Monday, April 2, 2012
Bread and Milk
Perhaps the street-namers of the 17th and 18th centuries had no time for the evocative or inspirational; perhaps they simply valued the quickest and most practical directions to - and descriptions of - where they needed to go. I could understand that. Most directions I get, when I bother to get directions instead of just muddling along with a Rand McNally atlas and the little map in my phone, are terrible. If they were more like "turn right at Big Red House Street, then left at Dunkin Donuts Without a Drive-Thru Lane, then left again at This Must Be Hell When It Snows Hill," I'd appreciate it. Anyway there are enough Prospect Streets with no prospects, Elms and Maples devoid of trees, Mountain Views and Buena Vistas that turn out to have neither.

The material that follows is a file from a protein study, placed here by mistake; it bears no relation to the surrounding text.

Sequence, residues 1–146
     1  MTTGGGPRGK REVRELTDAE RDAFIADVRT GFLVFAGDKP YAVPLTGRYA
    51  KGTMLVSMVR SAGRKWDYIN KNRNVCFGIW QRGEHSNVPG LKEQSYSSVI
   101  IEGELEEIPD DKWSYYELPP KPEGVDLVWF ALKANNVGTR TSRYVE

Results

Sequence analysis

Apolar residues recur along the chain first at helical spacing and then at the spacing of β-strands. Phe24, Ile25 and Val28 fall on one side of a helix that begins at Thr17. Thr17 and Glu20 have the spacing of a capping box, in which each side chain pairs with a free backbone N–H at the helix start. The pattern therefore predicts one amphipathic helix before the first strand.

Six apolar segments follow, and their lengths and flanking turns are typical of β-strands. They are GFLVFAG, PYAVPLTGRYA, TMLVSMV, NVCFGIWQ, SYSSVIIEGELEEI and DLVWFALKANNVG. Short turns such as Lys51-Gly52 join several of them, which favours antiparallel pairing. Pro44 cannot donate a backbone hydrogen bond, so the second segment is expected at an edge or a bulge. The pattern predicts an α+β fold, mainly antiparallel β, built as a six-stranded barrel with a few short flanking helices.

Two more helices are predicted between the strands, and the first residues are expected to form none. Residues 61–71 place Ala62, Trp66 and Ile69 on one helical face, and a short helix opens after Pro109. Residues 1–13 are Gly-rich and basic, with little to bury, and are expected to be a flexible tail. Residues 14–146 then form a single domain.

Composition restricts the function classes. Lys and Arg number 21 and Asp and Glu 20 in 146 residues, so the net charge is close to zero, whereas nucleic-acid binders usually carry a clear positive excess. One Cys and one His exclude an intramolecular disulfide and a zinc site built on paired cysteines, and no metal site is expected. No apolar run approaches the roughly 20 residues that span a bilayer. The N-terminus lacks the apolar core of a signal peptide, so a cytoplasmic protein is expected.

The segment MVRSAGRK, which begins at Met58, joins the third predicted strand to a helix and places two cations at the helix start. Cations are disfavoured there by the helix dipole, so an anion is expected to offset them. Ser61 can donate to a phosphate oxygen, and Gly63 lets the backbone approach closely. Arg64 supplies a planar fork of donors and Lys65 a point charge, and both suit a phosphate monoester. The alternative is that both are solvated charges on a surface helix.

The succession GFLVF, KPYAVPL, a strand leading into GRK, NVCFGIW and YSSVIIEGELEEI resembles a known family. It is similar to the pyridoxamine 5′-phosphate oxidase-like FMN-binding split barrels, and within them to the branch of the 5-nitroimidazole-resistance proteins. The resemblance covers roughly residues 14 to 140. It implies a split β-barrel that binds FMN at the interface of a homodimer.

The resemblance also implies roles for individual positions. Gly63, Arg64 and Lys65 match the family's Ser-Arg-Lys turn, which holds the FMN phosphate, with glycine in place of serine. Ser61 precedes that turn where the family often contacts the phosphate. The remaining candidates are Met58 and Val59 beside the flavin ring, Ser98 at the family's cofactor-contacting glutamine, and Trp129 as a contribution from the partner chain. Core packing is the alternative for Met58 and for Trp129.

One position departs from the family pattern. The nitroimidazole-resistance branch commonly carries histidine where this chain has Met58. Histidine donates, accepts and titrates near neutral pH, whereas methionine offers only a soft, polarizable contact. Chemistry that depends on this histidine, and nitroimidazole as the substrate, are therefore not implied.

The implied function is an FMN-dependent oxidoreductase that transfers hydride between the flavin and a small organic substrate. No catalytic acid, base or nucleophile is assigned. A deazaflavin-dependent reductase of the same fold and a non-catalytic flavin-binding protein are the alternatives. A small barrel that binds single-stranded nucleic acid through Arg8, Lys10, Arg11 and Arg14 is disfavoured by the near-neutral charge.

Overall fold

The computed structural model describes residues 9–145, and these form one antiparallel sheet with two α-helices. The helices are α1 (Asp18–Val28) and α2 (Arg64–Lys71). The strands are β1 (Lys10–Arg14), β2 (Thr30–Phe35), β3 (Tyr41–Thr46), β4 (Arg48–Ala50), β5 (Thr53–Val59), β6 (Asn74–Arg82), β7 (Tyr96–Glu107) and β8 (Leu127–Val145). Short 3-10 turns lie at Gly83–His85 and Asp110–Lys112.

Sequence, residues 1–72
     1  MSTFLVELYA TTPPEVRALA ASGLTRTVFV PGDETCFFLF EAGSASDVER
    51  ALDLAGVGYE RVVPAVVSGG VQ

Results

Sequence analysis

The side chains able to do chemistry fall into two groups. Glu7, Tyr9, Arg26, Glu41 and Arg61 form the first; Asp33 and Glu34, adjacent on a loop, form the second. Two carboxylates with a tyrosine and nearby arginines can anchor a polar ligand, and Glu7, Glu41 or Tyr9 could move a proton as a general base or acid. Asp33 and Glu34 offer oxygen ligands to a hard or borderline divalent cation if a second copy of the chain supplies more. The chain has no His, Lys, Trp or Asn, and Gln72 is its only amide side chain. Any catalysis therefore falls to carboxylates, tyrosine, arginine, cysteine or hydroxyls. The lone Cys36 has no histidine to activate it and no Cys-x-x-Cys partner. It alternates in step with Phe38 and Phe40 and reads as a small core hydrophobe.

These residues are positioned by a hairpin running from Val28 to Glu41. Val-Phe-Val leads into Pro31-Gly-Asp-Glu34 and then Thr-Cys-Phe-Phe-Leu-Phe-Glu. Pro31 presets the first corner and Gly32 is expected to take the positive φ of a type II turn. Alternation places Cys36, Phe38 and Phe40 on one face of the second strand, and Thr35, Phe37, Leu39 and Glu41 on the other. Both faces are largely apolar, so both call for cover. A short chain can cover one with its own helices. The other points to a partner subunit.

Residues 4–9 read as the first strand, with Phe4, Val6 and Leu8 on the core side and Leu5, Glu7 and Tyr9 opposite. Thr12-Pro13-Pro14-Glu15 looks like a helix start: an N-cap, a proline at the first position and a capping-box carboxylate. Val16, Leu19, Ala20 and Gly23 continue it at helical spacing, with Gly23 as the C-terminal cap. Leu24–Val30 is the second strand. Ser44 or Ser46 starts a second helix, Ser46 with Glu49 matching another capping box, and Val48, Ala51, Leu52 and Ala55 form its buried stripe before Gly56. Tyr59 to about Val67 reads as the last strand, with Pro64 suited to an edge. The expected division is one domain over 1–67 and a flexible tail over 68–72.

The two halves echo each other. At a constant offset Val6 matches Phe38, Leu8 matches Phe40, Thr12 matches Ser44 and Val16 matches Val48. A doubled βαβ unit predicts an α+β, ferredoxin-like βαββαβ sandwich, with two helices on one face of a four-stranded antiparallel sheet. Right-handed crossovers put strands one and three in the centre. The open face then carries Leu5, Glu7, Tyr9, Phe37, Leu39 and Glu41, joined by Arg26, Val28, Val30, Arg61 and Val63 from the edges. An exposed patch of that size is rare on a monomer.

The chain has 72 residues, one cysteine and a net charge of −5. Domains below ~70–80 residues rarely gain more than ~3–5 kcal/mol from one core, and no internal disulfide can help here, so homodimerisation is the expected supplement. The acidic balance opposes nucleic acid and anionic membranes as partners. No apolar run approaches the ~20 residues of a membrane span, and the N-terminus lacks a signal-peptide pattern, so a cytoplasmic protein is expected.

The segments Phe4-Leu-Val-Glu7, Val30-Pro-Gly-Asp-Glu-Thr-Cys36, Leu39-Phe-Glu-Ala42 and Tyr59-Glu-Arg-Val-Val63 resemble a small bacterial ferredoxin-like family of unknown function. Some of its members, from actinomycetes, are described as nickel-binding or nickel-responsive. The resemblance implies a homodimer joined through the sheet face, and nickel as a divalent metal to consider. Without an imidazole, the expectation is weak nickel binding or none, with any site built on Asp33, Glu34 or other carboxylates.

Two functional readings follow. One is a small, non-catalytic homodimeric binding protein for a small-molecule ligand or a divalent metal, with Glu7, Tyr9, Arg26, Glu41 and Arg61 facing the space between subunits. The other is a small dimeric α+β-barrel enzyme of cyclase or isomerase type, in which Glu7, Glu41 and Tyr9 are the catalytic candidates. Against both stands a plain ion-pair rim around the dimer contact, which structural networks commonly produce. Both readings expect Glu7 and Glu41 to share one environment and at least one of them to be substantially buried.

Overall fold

I'm working on a theory about those early New Englanders, though: that all of their actions, the seemingly incomprehensible as well as the boringly predictable, can be explained if you consider that they were constantly terrified. Walking through the woods of Coventry, scared of witches and Indians and sin and catching a cold that might kill you and the possibility of all manner of wild animals leaping from behind the trees, maybe it was just comforting to look up and see, well, not a green and white town street sign, but some recognizable landmark that told you, Ah. I know this place. This is the place where you can find bread and milk.
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I grew up on Bread and Milk street and was told by my great grandmother who also grew up on it that the street got its name because a traveler who stopped at any house on the street would be given bread and milk.ReplyDelete